Our facade started as a means to survive in this world when we were young and vulnerable, but somehow it overstayed its time and became the only thing we know. While the conflict between the true self and false self is not exclusive to emotionally intense people, reclaiming authenticity is often a harder path for the natural misfits.

Being haunted by the threat of being ostracized, we spend our whole life constructing a facade that would allow us to "pass" normalcy.

We become hypervigilant and cautious, picking up the smallest negative social clues so that we can edit our behaviors accordingly.

Since our vibrancy and excitement were met with nothing but blind stares or puzzlement, we realized that sharing makes us lonelier than not sharing.

The minute our achievement sticks out, it gets chopped down; so we learn never to reach high.

Opportunities became threats, and we self-sabotage before anyone could destroy us.

We thought we could protect ourselves by playing small, but stifling our soul comes with huge costs.

We are depressed, because we have denied our soul’s truths.

We feel empty and numb, because our soul has gone into hiding.

We are like wild animals trying to domesticate ourselves, trading our natural exuberance for the crowd’s approval.

Leaving the familiar ground of the identity we have invested in is never an easy task, but a wake-up call will inevitably come. Sometimes life very "helpfully" sends us a crisis that forces us to face our truths. Then, we realize that it is not enough to exist as a function of someone else’s—spouse, parents, friends, society—projections and wishes, as life is too short for any more day of internal deadness. When a turning point comes, we first get plunged into an existential crisis.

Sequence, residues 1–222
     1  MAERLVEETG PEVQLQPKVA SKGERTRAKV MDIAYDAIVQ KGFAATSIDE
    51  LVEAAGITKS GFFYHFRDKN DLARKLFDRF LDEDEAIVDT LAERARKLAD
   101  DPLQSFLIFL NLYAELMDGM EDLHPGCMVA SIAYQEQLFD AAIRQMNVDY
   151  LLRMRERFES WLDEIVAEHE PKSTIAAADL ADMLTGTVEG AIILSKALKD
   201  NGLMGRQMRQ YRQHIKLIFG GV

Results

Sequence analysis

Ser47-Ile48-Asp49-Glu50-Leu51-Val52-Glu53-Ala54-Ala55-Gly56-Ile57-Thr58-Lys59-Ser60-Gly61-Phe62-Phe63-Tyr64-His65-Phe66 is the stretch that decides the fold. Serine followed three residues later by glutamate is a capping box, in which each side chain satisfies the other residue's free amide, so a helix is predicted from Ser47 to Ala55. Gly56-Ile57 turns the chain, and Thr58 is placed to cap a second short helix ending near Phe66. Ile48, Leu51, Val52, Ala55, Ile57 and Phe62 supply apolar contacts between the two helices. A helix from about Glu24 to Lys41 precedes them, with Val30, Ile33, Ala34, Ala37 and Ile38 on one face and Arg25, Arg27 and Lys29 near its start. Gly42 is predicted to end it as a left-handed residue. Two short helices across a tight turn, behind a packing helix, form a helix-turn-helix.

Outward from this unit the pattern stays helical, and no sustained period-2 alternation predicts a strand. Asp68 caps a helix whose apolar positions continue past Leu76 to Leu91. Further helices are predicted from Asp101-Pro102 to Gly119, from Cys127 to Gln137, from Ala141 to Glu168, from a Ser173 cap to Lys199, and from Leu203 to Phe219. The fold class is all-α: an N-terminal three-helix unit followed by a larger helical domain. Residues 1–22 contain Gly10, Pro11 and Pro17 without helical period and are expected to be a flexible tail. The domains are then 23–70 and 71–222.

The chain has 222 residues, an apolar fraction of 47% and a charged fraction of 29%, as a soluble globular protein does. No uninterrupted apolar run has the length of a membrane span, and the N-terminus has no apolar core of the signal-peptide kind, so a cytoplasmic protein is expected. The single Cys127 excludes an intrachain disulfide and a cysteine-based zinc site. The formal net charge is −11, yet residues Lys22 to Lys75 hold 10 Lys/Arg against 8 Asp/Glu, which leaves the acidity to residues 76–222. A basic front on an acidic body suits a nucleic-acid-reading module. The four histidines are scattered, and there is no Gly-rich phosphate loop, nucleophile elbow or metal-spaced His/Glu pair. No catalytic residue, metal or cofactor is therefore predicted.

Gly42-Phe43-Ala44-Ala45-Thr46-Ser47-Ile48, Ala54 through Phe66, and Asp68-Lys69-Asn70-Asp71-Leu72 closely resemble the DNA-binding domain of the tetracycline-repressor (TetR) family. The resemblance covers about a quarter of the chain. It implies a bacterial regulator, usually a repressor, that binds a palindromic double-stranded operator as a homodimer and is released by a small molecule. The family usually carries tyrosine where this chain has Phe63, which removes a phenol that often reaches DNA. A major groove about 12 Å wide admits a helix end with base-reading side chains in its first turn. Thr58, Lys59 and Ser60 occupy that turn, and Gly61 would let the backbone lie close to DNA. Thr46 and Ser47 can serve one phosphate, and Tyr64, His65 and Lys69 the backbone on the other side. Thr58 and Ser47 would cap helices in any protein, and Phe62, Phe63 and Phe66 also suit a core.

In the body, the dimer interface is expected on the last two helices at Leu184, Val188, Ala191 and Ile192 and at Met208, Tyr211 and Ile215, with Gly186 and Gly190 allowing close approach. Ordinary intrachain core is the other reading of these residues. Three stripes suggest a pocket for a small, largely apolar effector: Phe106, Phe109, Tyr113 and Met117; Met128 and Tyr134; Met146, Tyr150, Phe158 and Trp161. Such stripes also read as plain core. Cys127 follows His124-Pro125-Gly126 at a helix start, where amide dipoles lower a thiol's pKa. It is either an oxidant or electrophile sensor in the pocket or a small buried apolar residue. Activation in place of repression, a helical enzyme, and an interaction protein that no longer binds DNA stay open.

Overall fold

The field of psychology has been dominated by quantitative science and psychiatry, and the experience of existential darkness has been medicalized, rather than examined, valued, and understood. The spiritual origin and meaning of depression are hardly talked about, yet well documented when we look closely at people’s experience across history.

True Self, False Self: Winnicott

The idea of a "true self" vs. a "false self" is first introduced by British psychoanalyst D.W. Winnicott (1960). Winnicott used "true self" to describe a sense of self that was based on authentic experience and a feeling of being alive—much like how we were as a child when we felt safe in the presence of a trusted other and were free to fully express ourselves. The "false self" is a defensive facade, something we develop to meet our parents’ societal or interpersonal demands.